The word laser is an acronym for Light Amplification by Stimulated Emission of Radiation. Laser science or laser physics and photonics are branches of physics that look at the theory and applications of lasers and optic light. This branch of science is really concerned with the construction and applications of lasers, their design, and the physics involved in their future development. The huge growth in telecommunications over the last ten years can be attributed to the new technologies made available through the development of fibre optics and lasers and the allowing of information to be conveyed by light. Lasers and photonics have also underpinned the revolutionary development in information technology and computing.
It was Albert Einstein who first came up with the concept of lasers in 1916. By 1960 the first laser was being demonstrated and by the middle of the 1970s lasers were in commercial use. There are many different kind of lasers: gas lasers, chemical lasers, dye lasers and solid-state lasers are just a few, each of them with their own unique properties and make-up and they are a multi-million pound industry. The barcode scanner is a familiar site in most shops and was first used in 1974, lasers are also commonplace in our homes with DVD players, laser printers for our computers and CD players. Concerts have fantastic laser light displays and many surgical procedures now rely on lasers for their accuracy and relatively painless treatment. Lasers are also used in the military and in industry.
Courses in photonics and laser physics are available and the subjects often appear as module options in more general physics courses. The more specific laser physics courses will also offer a solid grounding in mainstream physics. Some of the subjects you may study are listed below but it is best to check with the institution directly before you apply.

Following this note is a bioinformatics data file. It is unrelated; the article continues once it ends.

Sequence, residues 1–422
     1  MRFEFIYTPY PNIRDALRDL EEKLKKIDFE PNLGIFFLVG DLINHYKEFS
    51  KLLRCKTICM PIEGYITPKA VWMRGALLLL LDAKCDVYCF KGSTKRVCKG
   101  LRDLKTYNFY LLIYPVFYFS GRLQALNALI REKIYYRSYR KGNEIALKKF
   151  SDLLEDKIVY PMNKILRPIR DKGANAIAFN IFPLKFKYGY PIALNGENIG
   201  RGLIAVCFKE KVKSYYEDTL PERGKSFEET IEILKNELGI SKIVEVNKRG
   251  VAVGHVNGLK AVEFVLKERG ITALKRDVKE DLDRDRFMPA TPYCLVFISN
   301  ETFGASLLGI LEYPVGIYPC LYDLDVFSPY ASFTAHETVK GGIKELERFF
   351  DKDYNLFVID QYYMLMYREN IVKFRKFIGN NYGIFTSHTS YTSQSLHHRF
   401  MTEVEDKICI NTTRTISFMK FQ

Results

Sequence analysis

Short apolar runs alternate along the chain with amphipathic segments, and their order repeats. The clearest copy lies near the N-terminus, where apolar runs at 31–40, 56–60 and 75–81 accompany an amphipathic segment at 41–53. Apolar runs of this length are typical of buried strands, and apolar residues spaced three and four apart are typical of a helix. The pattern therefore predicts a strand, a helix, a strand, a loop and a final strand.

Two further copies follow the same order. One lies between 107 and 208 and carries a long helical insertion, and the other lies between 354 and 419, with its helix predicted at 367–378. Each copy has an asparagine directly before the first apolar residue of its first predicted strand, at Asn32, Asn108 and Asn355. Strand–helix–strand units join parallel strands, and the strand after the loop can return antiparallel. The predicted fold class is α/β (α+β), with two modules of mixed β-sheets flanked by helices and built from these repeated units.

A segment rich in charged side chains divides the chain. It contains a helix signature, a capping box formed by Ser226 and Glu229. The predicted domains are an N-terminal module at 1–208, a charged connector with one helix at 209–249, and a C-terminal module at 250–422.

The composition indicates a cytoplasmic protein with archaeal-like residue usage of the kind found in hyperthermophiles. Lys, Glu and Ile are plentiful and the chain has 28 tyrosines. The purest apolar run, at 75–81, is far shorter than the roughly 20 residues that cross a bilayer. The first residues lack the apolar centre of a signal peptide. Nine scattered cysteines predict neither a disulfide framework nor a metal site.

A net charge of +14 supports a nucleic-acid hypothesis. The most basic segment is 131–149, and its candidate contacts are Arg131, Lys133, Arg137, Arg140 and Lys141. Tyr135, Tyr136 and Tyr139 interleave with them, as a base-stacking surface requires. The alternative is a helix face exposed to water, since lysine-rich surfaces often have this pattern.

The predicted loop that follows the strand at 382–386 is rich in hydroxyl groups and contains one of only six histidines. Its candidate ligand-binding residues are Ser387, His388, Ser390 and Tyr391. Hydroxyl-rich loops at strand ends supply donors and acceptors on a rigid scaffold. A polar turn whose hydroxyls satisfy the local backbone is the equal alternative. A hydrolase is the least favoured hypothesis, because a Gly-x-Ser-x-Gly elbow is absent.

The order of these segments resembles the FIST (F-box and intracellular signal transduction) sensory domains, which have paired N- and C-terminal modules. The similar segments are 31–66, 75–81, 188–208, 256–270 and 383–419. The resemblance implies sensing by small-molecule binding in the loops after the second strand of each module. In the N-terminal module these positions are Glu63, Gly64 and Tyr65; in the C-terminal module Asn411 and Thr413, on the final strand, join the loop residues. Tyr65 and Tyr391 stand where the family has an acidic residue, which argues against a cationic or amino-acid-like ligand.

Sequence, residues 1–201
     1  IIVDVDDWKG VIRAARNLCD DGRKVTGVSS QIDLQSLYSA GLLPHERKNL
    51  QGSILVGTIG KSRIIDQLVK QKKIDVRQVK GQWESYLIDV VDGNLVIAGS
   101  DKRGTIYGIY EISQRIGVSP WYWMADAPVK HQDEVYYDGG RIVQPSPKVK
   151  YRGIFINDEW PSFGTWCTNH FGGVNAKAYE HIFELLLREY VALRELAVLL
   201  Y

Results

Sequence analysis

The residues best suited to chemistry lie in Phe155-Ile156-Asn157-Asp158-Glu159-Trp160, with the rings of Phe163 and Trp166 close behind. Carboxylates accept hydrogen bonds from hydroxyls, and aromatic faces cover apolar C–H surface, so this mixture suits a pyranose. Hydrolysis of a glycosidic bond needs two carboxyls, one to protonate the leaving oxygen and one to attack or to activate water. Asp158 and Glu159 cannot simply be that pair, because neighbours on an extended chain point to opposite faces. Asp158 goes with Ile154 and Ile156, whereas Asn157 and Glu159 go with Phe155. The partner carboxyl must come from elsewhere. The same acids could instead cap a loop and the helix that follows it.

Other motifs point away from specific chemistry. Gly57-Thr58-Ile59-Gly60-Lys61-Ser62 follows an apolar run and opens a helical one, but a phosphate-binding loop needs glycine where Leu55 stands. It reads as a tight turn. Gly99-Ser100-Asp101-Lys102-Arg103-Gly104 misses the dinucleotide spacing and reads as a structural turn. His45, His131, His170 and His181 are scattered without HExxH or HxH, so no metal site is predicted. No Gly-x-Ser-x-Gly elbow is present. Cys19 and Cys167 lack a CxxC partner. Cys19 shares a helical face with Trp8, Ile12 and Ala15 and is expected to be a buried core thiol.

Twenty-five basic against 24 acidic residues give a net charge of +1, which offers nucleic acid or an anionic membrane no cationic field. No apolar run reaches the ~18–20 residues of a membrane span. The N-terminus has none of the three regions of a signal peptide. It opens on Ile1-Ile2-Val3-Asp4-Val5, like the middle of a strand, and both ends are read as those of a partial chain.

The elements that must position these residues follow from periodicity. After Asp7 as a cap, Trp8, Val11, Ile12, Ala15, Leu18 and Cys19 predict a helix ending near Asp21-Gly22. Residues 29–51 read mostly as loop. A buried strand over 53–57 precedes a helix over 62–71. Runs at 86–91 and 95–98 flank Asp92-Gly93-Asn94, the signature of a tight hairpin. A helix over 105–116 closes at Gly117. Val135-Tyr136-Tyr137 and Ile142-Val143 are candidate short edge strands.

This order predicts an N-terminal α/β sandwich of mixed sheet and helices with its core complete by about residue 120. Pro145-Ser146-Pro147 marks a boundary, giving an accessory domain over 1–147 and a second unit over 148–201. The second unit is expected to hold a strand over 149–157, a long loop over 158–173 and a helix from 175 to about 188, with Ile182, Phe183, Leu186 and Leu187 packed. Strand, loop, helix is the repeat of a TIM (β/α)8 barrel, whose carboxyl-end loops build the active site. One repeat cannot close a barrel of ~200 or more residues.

Example areas of study
- Laser engineering
- Laser physics
- Laser technology
- Quantum science
- Atom Physics
- Science and technology of lasers
- Electrical Engineering
- Solid-state physics
- Information engineering
- Laser and optoelectronic materials
- Environmental Physics
- Thermal physics
- Vector mechanics and general relativity
- Electromagnetism advanced laser technology
- Biomedical physics
Some career possibilities
Careers that are available to qualified physicists with a specific interest in lasers and photonics include the engineering and automotive industries, some areas of medicine, teaching/lecturing, the entertainment industry and event management, the business sector and of course research posts. Postgraduate study is available in the field.
What do I need to get on a course?
The entry requirements for laser physics courses vary from institution to institution so it is recommended that you contact them directly. The details below will give you an idea of the qualifications you may need:
- UCAS Tariff: 160 - 340 points including mathematics and physics
- A-levels: CC- AAB including mathematics and physics
- SQA Highers: BBBC - AAABBB including mathematics and physics
- SQA Advanced Highers: BB - AA including mathematics and physics
- International Baccalaureate: 24 - 36 points including mathematics and physics at higher level
- Irish Leaving Certificates: BBCC - AAABBB including mathematics and physics
- BTEC National Diploma: in a relevant subject may be considered
For your application or interview the following may be useful:
A good academic background and solid interest in science and physics
Further information on laser physics can be found at The International Laser Physics website
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